Dear Mr O’Byrne,
I wish to respond to Defra’s current consultation “Review of Local Air Quality Management (England) – regulatory and guidance changes”. Your ‘preferred option’ is one which was condemned by 18,000 respondents to your 2013 consultation. As your impact assessment shows, your proposals could see local authority air quality monitoring slashed by 75% and spending on air quality reporting by 60%. Local authorities are encouraged to rely on Defra’s air quality monitors but there are on 137 of those across England, compared to over 2,500 air quality monitoring devices run by local authorities.
Without detailed local air quality monitoring, many ‘hotspots’ of air pollution will be missed and local authorities will have no incentive to reduce pollution in those areas. The National Planning Policy Framework emphasises the importance of taking existing or likely breaches of air quality standards into account when assessing new planning applications.
The recent Environmental Audit Committee’s Air Quality report calls for stronger measures to protect clean air and public health through the planning system. Yet without detailed local authority air quality monitoring and reporting, communities and planning authorities will have no way of knowing where standards may or may not be breached.
In many places, air quality monitoring is already insufficient – it needs to be strengthened, not decimated, while air quality reporting requirements must not be watered down.
I am further concerned about the proposal to abolish air quality objectives for four pollutants, two of which happen to be of particular concern in relation to fracking. I believe that the UK’s Air Quality Objectives must be strengthened, not eroded. The air quality objective for PM10 is twice as high as that recommended by the World Health Organisation (WHO) for protecting public health while the PM2.5 objective is 2.5 times as high as that recommended by the WHO.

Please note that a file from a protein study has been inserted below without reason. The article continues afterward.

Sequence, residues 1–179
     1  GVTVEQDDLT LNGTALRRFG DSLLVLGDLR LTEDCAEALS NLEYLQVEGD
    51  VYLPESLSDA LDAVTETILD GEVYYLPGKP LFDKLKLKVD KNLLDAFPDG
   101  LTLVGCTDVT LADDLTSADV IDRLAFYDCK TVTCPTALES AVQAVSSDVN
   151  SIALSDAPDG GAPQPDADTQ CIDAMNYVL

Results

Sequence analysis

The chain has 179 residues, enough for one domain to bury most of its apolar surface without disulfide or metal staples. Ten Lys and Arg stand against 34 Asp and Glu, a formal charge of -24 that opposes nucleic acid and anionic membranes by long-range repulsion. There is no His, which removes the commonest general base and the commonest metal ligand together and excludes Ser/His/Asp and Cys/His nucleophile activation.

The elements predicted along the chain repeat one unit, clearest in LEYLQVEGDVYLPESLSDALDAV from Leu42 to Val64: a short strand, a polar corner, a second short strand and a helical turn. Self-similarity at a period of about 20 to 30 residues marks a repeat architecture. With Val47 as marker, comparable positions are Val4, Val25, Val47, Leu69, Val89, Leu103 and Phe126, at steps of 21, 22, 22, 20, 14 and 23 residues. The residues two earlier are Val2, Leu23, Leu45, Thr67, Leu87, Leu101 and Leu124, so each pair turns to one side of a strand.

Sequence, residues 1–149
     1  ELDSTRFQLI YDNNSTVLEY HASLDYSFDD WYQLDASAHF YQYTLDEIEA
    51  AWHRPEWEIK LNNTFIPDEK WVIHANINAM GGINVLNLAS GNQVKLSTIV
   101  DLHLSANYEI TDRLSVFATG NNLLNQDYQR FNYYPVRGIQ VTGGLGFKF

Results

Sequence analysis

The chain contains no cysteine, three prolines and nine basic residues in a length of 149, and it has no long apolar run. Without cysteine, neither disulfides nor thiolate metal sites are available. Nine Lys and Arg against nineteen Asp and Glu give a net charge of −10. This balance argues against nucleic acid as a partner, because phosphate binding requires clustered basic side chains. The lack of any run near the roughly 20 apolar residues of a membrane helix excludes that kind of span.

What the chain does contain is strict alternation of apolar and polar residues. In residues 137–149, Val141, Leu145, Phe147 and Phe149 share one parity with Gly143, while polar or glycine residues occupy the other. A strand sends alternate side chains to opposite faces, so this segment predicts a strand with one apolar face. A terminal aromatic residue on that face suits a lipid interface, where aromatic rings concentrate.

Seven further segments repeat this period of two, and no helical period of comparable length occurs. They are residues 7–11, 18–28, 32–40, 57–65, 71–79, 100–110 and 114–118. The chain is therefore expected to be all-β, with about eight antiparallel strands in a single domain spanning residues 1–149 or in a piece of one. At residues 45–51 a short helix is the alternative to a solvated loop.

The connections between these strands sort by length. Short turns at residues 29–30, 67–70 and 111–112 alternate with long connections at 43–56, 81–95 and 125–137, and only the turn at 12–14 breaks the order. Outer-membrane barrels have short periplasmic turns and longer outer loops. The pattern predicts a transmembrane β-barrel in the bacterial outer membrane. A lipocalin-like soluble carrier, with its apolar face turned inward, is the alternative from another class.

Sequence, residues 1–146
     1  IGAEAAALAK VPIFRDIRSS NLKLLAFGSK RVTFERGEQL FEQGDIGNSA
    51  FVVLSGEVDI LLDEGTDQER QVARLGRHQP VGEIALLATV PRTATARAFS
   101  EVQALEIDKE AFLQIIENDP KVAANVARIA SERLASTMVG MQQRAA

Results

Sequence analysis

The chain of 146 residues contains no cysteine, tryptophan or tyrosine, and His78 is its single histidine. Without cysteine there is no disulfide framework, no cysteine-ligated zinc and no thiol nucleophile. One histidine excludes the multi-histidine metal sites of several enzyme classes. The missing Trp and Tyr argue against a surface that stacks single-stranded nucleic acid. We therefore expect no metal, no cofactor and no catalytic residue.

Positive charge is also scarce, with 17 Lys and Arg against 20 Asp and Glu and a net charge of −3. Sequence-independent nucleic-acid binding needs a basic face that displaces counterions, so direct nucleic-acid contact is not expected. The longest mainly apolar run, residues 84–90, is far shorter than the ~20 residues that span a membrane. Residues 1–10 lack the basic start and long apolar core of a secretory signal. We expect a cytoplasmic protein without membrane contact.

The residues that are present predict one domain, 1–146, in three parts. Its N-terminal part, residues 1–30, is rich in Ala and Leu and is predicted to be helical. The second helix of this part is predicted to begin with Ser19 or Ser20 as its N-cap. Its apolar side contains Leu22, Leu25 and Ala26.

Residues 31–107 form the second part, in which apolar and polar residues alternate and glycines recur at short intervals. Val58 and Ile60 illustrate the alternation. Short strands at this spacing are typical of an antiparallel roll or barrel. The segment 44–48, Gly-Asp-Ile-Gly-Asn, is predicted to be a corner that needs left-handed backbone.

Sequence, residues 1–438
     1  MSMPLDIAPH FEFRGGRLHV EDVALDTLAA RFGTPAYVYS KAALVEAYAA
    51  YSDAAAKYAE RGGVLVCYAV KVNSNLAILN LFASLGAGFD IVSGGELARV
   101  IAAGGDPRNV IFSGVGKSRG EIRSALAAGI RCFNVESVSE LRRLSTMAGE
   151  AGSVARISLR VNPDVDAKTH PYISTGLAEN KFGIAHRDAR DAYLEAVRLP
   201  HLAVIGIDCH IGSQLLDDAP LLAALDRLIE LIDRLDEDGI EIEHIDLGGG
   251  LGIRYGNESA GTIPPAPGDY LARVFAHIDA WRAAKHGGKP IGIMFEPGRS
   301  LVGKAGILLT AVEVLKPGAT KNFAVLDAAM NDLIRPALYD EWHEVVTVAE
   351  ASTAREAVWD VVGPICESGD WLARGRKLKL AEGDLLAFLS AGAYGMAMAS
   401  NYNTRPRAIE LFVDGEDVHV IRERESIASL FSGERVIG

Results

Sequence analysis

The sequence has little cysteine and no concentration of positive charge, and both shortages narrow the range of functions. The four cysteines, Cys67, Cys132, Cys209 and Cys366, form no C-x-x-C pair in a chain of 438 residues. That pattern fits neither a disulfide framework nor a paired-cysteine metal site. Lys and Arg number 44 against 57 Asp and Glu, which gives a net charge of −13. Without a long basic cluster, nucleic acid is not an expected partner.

Your consultation claims to encourage local authorities to take more action to reduce PM2.5 emissions, which are especially harmful to human health, but proposes that PM2.5 should not be incorporated into air quality regulations and that local authorities should not have to monitor and report on it.
Without comprehensive monitoring and reporting, nobody can know what PM
2.5 levels are and whether they are going up or down and whether EU Air Quality Standards will be met.
Air pollution is a significant cause of illness and premature death in the UK and the country is facing infringement procedures for having failed to meet EU air quality standards since 2010. I therefore urge Defra to withdraw the current proposals and to draw up genuine plans for reducing air pollution, ones which must incorporate the Environmental Audit Committee’s recent recommendations.